I am new to this site but desperate to learn more about brain cancer that has attacked my 29yr old female cousin.
We only have brothers therefore were like sisters growing up and only live a block apart now (so are still very close).
She was diagnosed in April 2012 after severe headaches and neck pain and operated on almost immediately. Shortly after this she started chemo and radiation that was proving effective however, was only given a 12-18 month period of survival.
In March 2013 an MRI showed the tumour not responding to treatment and growing agressively, she was again operated on and began on Avastin. This proved effective until October this year when she began having seizures. She was admitted to hospital where they operated to releive pressure on the brain and advised us that there was nothing more that could be done however, they would do their best to make her comfortable.
She is a FIGHTER and managed to get an appointment with Charlie Teo who said without surgery, she might have had 14 days.... He operated on her the following day, removing 25% of her brain.
2 months later, she is going ok.
She is not the same person, whilst I understand that she has been through HELL, I struggle to understand what is and isnt normal.
At different times, she reverts back to a baby like state, she doesnt recognise people, wont wake up until someone prompts her, has minimal interest in her 6yr old son, speaks in a slow monotone and stares straight through you.
I just wonder if there are any stimulation activities that she could be doing to keep her brain active or generate interest in different areas etc, should her local GP be seeing her more often or should she be seeing a counsellor...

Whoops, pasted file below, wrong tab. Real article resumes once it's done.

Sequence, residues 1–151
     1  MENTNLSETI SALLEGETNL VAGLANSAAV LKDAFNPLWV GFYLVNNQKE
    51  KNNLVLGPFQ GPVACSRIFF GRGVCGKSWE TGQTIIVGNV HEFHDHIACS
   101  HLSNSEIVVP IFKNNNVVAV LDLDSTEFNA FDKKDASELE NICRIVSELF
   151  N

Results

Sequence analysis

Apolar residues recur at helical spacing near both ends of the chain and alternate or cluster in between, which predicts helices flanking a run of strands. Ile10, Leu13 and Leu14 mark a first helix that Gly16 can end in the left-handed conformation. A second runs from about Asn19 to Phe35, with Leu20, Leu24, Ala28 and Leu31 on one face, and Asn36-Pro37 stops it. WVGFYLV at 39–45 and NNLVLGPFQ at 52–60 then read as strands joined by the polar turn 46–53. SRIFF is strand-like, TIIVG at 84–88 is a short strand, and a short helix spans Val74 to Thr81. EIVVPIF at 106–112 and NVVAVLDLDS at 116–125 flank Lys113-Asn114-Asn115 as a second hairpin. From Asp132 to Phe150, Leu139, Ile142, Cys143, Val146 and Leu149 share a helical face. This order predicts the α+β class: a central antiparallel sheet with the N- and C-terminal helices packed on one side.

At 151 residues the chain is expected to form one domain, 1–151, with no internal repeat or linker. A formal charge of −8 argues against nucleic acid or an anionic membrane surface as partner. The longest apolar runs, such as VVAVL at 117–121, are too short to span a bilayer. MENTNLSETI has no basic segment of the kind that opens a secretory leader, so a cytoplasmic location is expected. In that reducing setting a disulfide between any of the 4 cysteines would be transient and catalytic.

Her Mother and Father are devestated (as expected) yet are not a great help... Her partner is there to support her but doesnt push for help outside his efforts or his parents (who moved in to help care for her).
Has anyone experienced similar and can offer advice?
I'm so sad to hear about your cousin. Brain cancer is terrible!
The emphasis for your cousin's care at this stage is to keep her as comfortable as possible. Her tumour and surgery has left her with a significant brain injury which is why she behaves as she does. Stimulation to improve brain function at this stage will not be helpful.
The most important thing you can do for your cousin is just to be there for you cousin and her family. Having said that, they may prefer to be alone. Just ask her what she wants from you.
All the best.
I know it's a month since your post, and I'm not sure if you are still questioning your cousins behaviour, but I just wanted to let you know that what your cousin has gone through is what my husband has, and he is actually the same.
It's very hard to accept, but once accepted you can move on and continue caring for her the same way. Always remember she is know longer the person you knew, and sadly brain damage can make them act extremely differently.
I long for the day where my husband says I love you & he looks & sounds like he means it- but now it just a blank face & an empty stare.
Brain cancer is truly terrible. I'm sorry you have to watch her go through this.
Cancer Council NSW would like to acknowledge the traditional custodians of the land on which we live and work.We would also like to pay respect to elders past and present and extend that respect to all other Aboriginal people.